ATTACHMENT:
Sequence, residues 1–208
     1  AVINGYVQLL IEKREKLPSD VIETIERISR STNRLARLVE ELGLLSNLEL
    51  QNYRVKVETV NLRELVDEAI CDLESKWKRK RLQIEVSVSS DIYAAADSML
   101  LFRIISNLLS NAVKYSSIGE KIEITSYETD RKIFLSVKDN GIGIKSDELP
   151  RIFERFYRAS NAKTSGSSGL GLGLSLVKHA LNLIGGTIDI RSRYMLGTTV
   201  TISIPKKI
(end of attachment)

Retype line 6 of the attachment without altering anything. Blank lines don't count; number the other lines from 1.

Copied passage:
   201  TISIPKKI